Island Records founder Chris Blackwell once said that Jamaican music’s influence is totally disproportionate to its size. Mr. Blackwell is one of the most important figures in Jamaican music and is largely responsible for exporting reggae to the world. He spent years spearheading the career of the late great Robert Nesta Marley O.M. (Bob Marley).

Blackwell was the key figure in securing for Bob Marley and the Wailers the mainstream exposure they needed. Through Island Records, they were featured on commercial radio, opened for major concerts and were mentioned in the same conversations as The O’Jays and The Rolling Stones.

Blackwell’s right of course. This island, with barely three million people standing all by itself in the middle of the sea, most certainly sent a ripple right down the back of music worldwide. I like to call Jamaica the loudest island in the world or, depending on what side of the culture we are talking about, the loudest revolution in the world. Either moniker fits.

So how did Jamaica get so loud? Literally it was those famous sound systems that punched the air with music back in the 1950s. Figuratively it was the convergence of Jamaican creativity and everyday survival.

If you look back to the 1950s, the island was crazed with music; and the louder the better. Sound system operators who were part promoter, part artist part businessman and always the showman, filled the island breezes with music. It was a highly competitive enterprise that was rife with all kinds of sneaky dealings, trade secrets and an occasion fight. For ordinary Jamaicans, it was the one thing they could all enjoy, and so loud that it was accessible for all to hear. These often open-air events were held where the ghetto people could come to enjoy a night of dancing and hear all the latest songs. Prince Buster, one of the most famous early system operators, said, “it’s the voice of the peoples.”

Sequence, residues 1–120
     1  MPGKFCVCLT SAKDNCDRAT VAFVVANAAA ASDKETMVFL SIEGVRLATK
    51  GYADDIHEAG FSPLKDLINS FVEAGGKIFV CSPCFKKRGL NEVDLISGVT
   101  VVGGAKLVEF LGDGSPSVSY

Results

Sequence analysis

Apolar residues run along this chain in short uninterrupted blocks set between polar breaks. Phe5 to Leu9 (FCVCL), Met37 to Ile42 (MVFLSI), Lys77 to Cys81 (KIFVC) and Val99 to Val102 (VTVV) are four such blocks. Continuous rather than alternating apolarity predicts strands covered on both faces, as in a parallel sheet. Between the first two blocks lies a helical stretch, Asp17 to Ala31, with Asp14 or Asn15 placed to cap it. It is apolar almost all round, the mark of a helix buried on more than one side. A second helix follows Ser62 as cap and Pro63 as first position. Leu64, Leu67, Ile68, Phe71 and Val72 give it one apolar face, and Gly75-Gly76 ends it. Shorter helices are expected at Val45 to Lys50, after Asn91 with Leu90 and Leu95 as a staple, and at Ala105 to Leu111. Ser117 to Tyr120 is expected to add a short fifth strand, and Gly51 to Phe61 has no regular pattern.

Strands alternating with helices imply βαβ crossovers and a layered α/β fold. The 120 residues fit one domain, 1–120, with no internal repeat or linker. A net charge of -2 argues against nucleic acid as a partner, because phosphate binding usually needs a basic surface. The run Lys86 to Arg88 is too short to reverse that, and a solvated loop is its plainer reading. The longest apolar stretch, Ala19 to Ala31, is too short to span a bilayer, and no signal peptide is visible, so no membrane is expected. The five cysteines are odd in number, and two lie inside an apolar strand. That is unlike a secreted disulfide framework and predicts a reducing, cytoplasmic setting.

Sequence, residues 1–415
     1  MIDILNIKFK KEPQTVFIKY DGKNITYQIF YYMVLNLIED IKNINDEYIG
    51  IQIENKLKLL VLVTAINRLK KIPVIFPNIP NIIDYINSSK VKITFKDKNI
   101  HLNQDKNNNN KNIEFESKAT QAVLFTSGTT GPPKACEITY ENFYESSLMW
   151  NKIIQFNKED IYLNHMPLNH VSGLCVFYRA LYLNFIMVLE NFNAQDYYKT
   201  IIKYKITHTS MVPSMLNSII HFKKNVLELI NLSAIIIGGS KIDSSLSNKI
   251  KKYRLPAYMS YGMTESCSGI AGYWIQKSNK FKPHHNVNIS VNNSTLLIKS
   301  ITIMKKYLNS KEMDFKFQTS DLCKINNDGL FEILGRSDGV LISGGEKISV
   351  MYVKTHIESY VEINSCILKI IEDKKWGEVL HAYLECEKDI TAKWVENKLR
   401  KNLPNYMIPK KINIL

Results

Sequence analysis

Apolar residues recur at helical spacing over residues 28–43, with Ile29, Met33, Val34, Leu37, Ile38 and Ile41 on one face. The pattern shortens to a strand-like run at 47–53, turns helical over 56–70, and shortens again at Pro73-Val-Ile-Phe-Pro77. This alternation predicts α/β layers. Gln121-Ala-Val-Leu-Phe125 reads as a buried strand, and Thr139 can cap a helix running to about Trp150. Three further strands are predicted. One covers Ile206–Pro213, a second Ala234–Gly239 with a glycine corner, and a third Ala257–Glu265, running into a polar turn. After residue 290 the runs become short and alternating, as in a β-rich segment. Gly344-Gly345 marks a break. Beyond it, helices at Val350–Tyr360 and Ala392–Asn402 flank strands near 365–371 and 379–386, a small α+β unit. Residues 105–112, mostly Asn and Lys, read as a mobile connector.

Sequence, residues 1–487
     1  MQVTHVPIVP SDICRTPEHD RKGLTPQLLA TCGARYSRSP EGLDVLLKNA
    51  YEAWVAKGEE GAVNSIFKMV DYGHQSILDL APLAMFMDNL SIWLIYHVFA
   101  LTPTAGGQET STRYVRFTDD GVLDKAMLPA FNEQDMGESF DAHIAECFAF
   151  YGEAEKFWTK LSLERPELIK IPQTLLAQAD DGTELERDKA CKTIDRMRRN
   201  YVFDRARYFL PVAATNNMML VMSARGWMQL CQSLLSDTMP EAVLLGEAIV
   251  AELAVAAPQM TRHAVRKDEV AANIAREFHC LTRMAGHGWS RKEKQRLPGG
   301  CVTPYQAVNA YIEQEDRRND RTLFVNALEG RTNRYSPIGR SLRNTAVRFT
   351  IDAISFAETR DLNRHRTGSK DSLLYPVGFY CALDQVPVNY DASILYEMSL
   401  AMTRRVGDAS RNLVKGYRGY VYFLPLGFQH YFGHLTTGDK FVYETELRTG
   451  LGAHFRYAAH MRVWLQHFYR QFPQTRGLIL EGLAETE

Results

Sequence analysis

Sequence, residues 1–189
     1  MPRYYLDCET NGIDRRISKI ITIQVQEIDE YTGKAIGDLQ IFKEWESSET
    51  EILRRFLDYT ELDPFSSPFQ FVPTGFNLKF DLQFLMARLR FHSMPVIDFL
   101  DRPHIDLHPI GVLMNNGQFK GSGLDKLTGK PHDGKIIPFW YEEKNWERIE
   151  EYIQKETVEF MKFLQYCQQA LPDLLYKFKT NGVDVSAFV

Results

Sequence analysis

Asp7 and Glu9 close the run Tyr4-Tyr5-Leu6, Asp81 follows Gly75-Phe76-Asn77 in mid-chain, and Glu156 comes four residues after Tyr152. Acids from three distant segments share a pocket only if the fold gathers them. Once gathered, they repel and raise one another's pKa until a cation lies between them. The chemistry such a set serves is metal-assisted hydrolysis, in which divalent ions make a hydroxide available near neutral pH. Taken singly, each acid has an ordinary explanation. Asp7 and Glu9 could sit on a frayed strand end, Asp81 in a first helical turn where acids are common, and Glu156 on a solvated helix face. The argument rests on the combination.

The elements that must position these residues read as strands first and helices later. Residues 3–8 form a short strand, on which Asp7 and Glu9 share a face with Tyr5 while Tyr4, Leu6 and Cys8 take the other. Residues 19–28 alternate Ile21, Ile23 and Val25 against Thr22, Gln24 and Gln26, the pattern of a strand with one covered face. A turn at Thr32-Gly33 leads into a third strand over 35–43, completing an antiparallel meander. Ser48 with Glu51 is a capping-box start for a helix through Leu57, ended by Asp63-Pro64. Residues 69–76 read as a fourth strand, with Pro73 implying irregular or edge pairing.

According to a wonderful book by Lloyd Bradley, This Is Reggae MusicThe Story of Jamaica’s Music (Grove Press) the 1950s was divided by two groups of sound system operators. Early on, the biggest names included Tom the Great Sebastian, V Rocket, Lord Koos of the Universe, and Sir Knick the Champ. Extravagant names that reflect the showmanship that was necessary to stand out. These early genius pioneers didn’t know at the time that they started two trends that have become a permanent fixture in music. First, they were the earliest Dancehall DJ’s – the original rap artists. The second trend was the trend of renaming oneself to stand out. Today no reggae, hip-hop artist or DJ today goes by his real name. A quick glance at Billboard’s Top 100 for any year after 1970 will prove that. From Beenie Man to Jay Z, colorful names like those used by the early founders are part of cultures around the world.

The second half of the 1950’s was dominated by three sound system celebrities who went on to become giants in Jamaica’s musical culture. Their story is of true gut level creative genius. After all, they were inventing out of necessity. Throw in the intense competition to be the best system so as to attract the biggest crowd and you have the birth of modern Jamaican music.

The three giants who ended the decade are Clement “Sir Coxsone” Dodd’s Downbeat Systems, Duke Reid the Trojan, and Prince Busters Voice of the People. Most of the island was in a musical frenzy because of the not so friendly competition between these creative forces. These men pushed the limits of the law and blasted out far more homegrown music than their predecessors. They became the early producers of reggae. It was a uniting force that all Jamaicans knew was theirs to enjoy. It inspired and gave hope. More than at any other time in Jamaica’s musical history local influences made their way into music. All three became true giants in music, influencing almost every aspect of the flood of music that pours out of the island even today. It was the start of being less dependent on US and UK music.

Every early system operator, known and unknown, pushed the envelope. Partly for survival but mainly because it was something Jamaica called its own. An operator was a big man in his part of the ghetto. For the people it was the one uniting force that was accessible to all. I can only imagine what a lawn filled with thousands of dancing youths was like when they screamed, “lick it back,” meaning to play it again to Prince Buster or Sir Coxsone. It must have been loud!